3.ii. The Cabinet examined ways in which a conviction can nevertheless be successful without the testimony of the battered women, utilizing the sworn statement of a deponent and viewing the complainant as a hostile witness. There is some indication that successful convictions may be achieved through this route. It was also agreed that where the issue of provision of support for children arises, the law would take into account the deprivation which a jail sentence would cause to a family, and the law could immediately assign the children to the Board of Guardians for material support.

-The debate will continue as the nation seeks to achieve zero gender-based violence. The Cabinet will invite the Department of Gender Affairs to its next meeting, tying gender-based violence to corporal punishment in schools.

Notes from cabinet: (PT. 4)
The APUA will hold a public ceremony on Monday, July 5, 2021, to celebrate its Fiber-To-The-Home project. This ongoing investment of APUA’s resources is intended to ensure that improved broadband service can be delivered by APUA Telecomms at a fraction of the current cost. APUA will also invest in its own underwater-sea-cable, in order to avoid usurious charges it is required to pay to a competitor.

6. The Maria Holder Trust will construct three more centers across Antigua, following its $7 million dollar build in the All Saints West region. Although the specific placements of the three new centers has not yet been identified, the Cabinet agreed that one center will be built in the south, and two will be built within heavily-populated urban centers. The Centers are intended to serve very young children, relieving families of the cost of certain childcare expenses that would otherwise be incurred by young families whose breadwinners may be challenged.

Notes from Cabinet: (PT. 5)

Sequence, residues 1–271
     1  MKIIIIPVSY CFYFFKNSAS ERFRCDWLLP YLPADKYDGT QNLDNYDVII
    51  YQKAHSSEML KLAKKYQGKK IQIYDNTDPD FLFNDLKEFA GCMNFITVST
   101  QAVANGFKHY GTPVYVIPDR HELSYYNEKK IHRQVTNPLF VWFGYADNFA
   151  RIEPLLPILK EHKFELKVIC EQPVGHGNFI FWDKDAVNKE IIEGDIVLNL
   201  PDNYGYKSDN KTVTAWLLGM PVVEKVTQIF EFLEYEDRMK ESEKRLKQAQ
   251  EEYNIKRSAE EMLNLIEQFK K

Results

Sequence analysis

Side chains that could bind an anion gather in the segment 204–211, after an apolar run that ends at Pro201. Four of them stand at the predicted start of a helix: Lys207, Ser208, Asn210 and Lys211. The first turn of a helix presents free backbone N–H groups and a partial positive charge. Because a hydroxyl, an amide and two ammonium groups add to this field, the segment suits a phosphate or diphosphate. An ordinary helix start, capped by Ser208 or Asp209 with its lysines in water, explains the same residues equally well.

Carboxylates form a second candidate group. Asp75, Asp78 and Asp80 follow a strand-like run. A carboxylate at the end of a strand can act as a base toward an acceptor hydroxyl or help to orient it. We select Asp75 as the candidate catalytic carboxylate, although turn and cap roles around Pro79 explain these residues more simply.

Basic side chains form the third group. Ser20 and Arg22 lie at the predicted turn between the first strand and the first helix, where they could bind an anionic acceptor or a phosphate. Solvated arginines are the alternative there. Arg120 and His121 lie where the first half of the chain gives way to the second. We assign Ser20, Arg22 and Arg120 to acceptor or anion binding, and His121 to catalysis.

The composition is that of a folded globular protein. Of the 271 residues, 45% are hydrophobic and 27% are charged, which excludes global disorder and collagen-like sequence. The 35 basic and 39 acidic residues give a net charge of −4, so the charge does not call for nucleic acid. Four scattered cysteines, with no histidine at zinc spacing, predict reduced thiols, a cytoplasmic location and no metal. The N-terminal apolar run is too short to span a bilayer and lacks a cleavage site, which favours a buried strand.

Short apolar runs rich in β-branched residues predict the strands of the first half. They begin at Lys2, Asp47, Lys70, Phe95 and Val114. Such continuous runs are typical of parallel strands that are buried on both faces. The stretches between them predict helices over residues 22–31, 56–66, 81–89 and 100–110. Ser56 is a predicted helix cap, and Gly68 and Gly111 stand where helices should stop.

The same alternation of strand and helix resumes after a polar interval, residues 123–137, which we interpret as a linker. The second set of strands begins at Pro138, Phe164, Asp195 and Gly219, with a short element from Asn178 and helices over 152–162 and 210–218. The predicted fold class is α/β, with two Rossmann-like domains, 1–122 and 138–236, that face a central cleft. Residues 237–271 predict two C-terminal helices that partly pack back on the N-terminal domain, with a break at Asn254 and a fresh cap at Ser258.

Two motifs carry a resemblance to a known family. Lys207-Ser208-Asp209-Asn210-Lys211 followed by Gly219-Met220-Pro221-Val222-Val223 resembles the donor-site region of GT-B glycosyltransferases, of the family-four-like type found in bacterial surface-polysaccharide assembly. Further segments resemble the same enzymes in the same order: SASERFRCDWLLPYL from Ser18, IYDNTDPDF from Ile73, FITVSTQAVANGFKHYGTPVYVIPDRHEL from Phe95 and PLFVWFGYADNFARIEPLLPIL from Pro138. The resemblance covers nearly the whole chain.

The Cabinet repeated its long-held policy that immigrant children, brought to Antigua and Barbuda by parents, are to be accorded special treatment leading to citizenship. The children, who have now become adults, know only Antigua and Barbuda, and their immigration status may not have been regularized since childhood, are to be granted continuous amnesty in order for them to make the best use of the schooling and other benefits accorded them over the years. The Cabinet has eliminated the need for them to purchase return tickets, waived the accumulated fees, and to be un-blocked from attaining police records, so that they may make use of the forgiveness leading to citizenship. Antigua and Barbuda remains the most diversified of the independent Caribbean countries.

Notes from Cabinet: (PT. 6)
Only fully vaccinated patrons will be allowed to attend the cricket games, West Indies women vs. Pakistani women as spectators. This measure will ensure that the likely spread of the Covid-19 virus is minimized.

-Fully vaccinated workers at Heritage Quay are also required as the State of Florida, from which many cruise ships originate, has made unlawful a requirement for the cruise lines to allow only vaccinated passengers to board; hence, un-vaccinated visitors could come ashore when cruises resume. All taxi drivers and tour bus operators will also be required to be vaccinated, in order to lessen the likelihood of transmission and illness. Restaurant workers and workers in stores visited by tourists will also be required to vaccinate. Vendors and those operating sports, diveshops and beach services are also to be vaccinated. Each vaccinated, All protected.

Notes from Cabinet: (PT. 7)
The Prime Minister, with Cabinet’s support, has proposed to his CARICOM counterparts the reduction by 50% of regional air transport taxes, in order to encourage regional travel, as the threat from Covid-19 declines. Such a reduction would encourage greater use of LIAT’s services, in our Caribbean, while causing stronger economic activity within the region. Travel within the Caribbean is the third largest source of income by airports, but Covid-19 has decimated this sector. The issue is how to revive this important sub-sector. The CARICOM Heads are scheduled to meet on Friday, June 25, 2021.